Remote, few visitors especially in the North Unit
A long way for visitors to go in order to enjoy limited activities
It is always good to preserve unique landscapes for future generations
Roosevelt National Park has wild horses that can occasionally be seen along the roads. The park attempts to keep 70 to 110 to show visitors the historical character of the land when Roosevelt lived here. After being introduced to North America by Europeans in the 16h Century, escaped feral horses roamed free across the plains, often with herds...more
At one point the Little Missouri River located here flowed north. Broad and gentle warping of the terrain sometime before the Ice Age caused the rivers east of here to erode more quickly than the Little Missouri. The rivers then cut into this valley altering the course of the river. Now the Little Missouri flows east and joins the Missouri River 50...more
Here you can see some scattered boulders called “erratics” because they are out of place. These boulders were ripped from layers of bedrock 400 miles north in Canada and brought here by a great glacier that covered almost all of North America north and east of here. When the glacier melted these boulders were left in place. The current course of...more
Grasslands like this have historically attracted man and cattle. A vast grassland like this caused cattlemen to bring herds of cattle to the badlands. Overgrazing damaged these grasslands and brought a quick decline to then open range cattle industry. Protection today has the adverse affects of this abuse and the grasslands now support native...more
This is a part of the Long X Cattle Trail. The trail started in Texas then went by the area where the current town of New England is, west of Dickinson and the Killdeer Mountains. It then crossed the Little Missouri River and led by the Squaw Creek Valley to the Long X Ranch 3 miles north of here.more
This terrain consists of a series of slump blocks, that is huge sections of bluff that slid intact to the valley floor. This is not uncommon in the badlands where the steep cliffs cannot support the top-heavy formations. Continued erosion has moved the face of the parent bluff farther away from the slump blocks. Although the blocks tend to tilt you...more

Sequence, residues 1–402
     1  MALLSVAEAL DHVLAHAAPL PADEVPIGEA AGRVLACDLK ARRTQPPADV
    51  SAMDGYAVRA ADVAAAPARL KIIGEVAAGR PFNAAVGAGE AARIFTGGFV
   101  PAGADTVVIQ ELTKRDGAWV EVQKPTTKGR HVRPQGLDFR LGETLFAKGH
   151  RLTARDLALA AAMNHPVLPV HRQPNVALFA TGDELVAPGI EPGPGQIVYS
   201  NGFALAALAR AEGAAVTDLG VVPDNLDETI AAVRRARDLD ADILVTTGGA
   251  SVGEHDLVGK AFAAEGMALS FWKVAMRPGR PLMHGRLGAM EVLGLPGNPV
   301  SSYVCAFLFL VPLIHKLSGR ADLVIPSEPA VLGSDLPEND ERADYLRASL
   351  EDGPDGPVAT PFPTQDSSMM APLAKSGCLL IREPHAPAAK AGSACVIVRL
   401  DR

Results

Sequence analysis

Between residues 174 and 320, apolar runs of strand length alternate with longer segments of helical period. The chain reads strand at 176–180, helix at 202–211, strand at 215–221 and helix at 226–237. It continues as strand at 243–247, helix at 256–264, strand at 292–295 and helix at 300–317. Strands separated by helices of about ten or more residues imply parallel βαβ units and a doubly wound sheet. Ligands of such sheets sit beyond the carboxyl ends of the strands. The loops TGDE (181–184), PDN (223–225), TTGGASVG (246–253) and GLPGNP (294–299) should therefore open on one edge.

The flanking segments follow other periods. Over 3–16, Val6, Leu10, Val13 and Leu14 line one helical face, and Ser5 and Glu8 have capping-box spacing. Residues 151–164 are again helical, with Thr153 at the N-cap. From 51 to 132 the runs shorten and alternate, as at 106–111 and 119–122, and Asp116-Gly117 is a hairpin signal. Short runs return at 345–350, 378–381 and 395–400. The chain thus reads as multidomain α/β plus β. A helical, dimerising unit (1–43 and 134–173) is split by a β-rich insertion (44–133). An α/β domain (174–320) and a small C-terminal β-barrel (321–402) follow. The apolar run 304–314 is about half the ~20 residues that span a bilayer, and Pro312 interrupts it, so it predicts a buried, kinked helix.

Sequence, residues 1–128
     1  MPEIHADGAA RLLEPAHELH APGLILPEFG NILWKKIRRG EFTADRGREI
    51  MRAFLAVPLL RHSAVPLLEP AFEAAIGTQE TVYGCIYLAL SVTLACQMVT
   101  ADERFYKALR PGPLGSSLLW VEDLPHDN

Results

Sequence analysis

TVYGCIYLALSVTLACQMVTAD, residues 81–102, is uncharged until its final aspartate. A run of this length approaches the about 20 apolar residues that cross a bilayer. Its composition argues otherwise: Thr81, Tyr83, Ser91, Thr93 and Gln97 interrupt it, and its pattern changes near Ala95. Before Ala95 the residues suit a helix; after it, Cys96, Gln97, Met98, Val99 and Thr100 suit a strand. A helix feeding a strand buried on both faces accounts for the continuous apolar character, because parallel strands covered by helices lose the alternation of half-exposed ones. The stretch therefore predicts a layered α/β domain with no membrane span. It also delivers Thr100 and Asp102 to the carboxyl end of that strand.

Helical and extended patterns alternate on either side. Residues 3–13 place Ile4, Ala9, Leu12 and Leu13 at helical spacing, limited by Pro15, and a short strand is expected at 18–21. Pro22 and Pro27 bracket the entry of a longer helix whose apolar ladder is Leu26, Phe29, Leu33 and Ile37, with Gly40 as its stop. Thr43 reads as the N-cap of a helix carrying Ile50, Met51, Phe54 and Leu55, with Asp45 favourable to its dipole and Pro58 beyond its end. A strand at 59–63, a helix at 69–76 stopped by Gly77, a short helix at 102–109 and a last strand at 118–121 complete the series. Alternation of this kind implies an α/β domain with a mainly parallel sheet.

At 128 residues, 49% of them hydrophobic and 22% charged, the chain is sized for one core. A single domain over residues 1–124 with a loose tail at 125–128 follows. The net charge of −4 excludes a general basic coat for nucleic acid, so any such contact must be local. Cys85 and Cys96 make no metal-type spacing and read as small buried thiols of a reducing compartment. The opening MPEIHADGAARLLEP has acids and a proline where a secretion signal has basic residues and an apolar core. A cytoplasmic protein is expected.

In 1884, after most of the bison living in the badlands were killed off 4000 head of longhorn cattle were driven to the badlands from Texas. The tough cattle made the walk from Texas fine and several other cattle drives were undertaken. Unfortunately, by the early 1900s most of the longhorns were gone from the badlands because of overgrazing and...more
Boots Bar and Grill was formally The Iron Horse Saloon and Restaurant. It has changed hands, but I was unable to update my photos, as it was too dark at the time. The building looks the same, however, except the outside sign has been changed. This restaurant was, and still is a local favorite. The restaurant serves breakfast, lunch, and dinner, and...more
After a long hike on the trail or canoe down the river, come into town and enjoy a nice cold treat. The Marquis de Mores Ice Cream Parlor is a pretty little place in the historic downtown area. Sit back and enjoy the ice cream which is made right in the town. The cookies & cream is fabulous. Or have a shake, malt, or sundae from the same flavors.more
We ate here both nights we were staying at the Comfort Inn. They had a variety of vegetables and salads and fresh fruit on their food bar. We paid $6.99 for the food bar. This did not include drinks, but it did include some meat, and dessert and a cup of coffee. We were impressed by how people there seemed genuinely interested in us and wanted to...more
We rented a small Nissan Vespa for our trip from Saskatchewan to South Dakota, and it served our needs quite well - other than the tendency to require quite a few stops for fuel. That was due to a combination of having a relatively small fuel tank and not knowing whether there would be any open gasoline stations in the small and sparse communities spread out across the Great Plains as we drove south.
The car did not have cruise control for the many long stretches of highway with little traffic but I didn't seem to have too much trouble holding it at a steady 110-kph (except when it encountered a serious climb!). It managed to average 12.7 km/litre or 36 mpg (30 miles per US gallon) for our cumulative driving distance of 2300-km. Rental cost from the National car rental agency in Regina, Saskatchewan was C$69 (US$65) for each of the four days we used it, including the cost of full insurance coverage. This view shows Sue standing beside our Vespa as we pulled over to the side of Highway 85 where we first crossed into the North Unit of Theodore Roosevelt NP.